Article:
• All ATV registrations expire on June 30 of each year.
  • $46.00 for renewal
  • $47.00 for first time + sales tax for "new" (to you)
If you are thinking about remodeling, adding on to your home, or building a garage or outbuilding, then come to the Town Office to pick up a building permit. The fee is $10.00. Permits are required if you are doing anything to your property that will change it's value. This would also include: adding porches or decks, new siding, demolition projects, paving driveways, and other upgrades that will increase value. If you are unsure whether or not a particular project requires a building permit, please call the Town Office.
The Conference Room in the Town Office is availble for meetings and the viewing of public documents. Please be courteous and ask before entering the conference area, as there may be a meeting in process. Thank you.
  • Spayed/Neutered $6.00
  • Not Spayed/Neutered $11.00
  • A late fee of $25.00 begins February 1. Bring your current rabies certificate and any spayed/neutered certificates. Dogs need to be licensed by December 31 of each year.
  • $3.00 for the first page outgoing
  • $1.00 each additional outgoing page
  • $1.00 each all incoming Faxes
  • ID required
  • $2.00 for Brownville Taxpayers
  • $5.00 for non-taxpayers, plus $1.00 for each additional page
  • 8 1/2 X 11 = $0.25
  • 8 1/2 X 14 = $0.50
  • 11 X 17 = $1.00
  • All Snowmobile registrations expire on June 30.
  • $46.00 for renewal
  • $47.00 for first time + sales tax for "new" (to you)
The Town Clerk’s Office is responsible for the permanent storage of all vital records (i.e. birth, marriage and death records). Individuals may request certified copies of a vital record from the Clerk’s Office for a fee of:
• $15.00 for the first copy; and • $6.00 for each additional copy of the same record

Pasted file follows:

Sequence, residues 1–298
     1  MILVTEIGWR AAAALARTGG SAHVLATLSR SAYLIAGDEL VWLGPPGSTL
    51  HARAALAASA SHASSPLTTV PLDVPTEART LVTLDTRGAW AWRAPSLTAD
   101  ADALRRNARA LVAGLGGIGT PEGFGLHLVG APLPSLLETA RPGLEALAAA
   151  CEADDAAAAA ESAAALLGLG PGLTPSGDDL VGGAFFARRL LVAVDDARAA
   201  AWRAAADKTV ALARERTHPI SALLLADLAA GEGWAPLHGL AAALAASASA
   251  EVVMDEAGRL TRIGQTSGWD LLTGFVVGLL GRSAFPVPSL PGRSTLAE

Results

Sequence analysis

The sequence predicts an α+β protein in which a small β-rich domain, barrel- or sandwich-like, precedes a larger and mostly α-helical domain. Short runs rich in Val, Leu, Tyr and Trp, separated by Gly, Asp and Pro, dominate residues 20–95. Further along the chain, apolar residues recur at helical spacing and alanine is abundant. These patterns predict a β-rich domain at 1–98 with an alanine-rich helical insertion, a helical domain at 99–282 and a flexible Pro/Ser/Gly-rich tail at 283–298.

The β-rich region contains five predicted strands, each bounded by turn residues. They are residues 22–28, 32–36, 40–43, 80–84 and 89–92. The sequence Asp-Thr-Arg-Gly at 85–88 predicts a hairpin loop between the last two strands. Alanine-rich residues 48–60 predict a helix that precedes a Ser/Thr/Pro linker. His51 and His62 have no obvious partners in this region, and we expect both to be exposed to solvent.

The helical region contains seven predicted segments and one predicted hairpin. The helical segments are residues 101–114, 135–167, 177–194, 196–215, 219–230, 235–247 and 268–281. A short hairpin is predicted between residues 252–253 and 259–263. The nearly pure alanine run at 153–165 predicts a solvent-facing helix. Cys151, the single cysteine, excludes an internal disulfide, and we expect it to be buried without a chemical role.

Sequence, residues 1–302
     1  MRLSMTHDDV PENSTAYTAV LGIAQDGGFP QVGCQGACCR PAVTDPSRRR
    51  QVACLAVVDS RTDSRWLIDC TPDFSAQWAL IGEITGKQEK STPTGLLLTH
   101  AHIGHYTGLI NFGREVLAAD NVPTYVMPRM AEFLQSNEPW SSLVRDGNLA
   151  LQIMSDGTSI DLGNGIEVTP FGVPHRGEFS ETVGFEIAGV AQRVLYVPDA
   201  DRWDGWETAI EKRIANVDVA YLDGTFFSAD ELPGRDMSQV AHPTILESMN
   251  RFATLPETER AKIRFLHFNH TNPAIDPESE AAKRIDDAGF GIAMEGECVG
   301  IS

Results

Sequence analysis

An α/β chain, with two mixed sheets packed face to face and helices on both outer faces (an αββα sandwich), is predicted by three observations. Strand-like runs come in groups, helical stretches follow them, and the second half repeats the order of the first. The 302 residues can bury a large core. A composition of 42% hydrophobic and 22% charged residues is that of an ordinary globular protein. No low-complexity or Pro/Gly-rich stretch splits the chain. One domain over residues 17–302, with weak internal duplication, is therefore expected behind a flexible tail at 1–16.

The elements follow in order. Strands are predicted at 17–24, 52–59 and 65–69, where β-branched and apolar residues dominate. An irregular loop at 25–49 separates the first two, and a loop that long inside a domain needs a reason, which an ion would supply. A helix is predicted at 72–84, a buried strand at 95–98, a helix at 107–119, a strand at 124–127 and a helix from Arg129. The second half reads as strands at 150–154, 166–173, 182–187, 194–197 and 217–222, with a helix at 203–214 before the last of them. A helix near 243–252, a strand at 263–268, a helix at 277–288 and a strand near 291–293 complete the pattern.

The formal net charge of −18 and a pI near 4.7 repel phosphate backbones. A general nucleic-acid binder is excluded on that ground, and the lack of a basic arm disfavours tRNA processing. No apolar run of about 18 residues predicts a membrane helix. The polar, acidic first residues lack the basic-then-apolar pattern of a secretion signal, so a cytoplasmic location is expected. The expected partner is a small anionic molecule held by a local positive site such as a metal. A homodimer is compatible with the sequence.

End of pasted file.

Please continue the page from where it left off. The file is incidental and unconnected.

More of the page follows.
On July 12, 2010, a new law preventing fraudulent use of vital records went into effect. Vital records include birth certificates, fetal death and death certificates, marriage certificates, and domestic partner registrations. Maine’s new law will require a person requesting a copy of records less than 100 years old to provide documentation establishing their direct and legitimate interest in the records.
Until now, Maine has been one of just a handful of states that have allowed anyone, including individuals with bad intentions and for profit entities, access to these records. Information from vital records will become completely open to the public 100 years from the date of the event.
Individuals who may access vital records less than 100 years old include:
• The person named on the record; • The person’s spouse or registered domestic partner; • The parent(s) named on the record; • Descendants of the person named on the record; • Registrant’s legal custodian, guardian, or conservator or respective authorized representative (includes attorney, physician, or funeral director); and • Genealogists who have a Maine CDC issued researcher identification card.
Proof of identity must also be presented to the municipal and city clerks or state Vital Records Office staff. A brief application for securing a copy of the vital record must be filled out and presented, along with positive identification such as a driver’s license, passport, or other government issued picture identification that clearly shows that the person requesting the record is who they say they are. Proof of direct lineage is also required when requesting records of a parent or grandparent. Identification and lineage requirements apply whether the records are requested in person or by mail.
More information on this issue may be found at is external).
Birth Certificates are filed with:
• The City or Town in which the child was born; • The City or Town in which the mother was living at the time of the birth; and • The State Office of Health Data and Program Management (formerly known as the Office of Vital Records)
Marriage Certificates are filed with:
• The City or Town in which intentions were filed and the license was issued; and • The State Office of Health Data and Program Management (formerly known as the Office of Vital Records)
Per policy of the Farmingdale Town Office, no marriages can be performed at the Town Office.
Death Certificates are filed with:
• The City or Town of residence at the time of death; • The City or Town where the death occurred; and • The State Office of Health Data and Program Management (formerly known as the Office of Vital Records)
Helpful Hints:
1)  Prior to 1892, towns were not required to file records of birth, marriage and death.  Some towns have records before 1892, but these may not be a complete recording of events.
2)  Unsure where the event took place?  Begin by contacting the State.  They maintain copies of records from every town in Maine.
3)  Be sure to check family bibles, town directories, obituaries, old maps, old photographs, town history books and old newspapers for information.
4)  State Archives keeps a list of professional genealogists who provide research for a fee.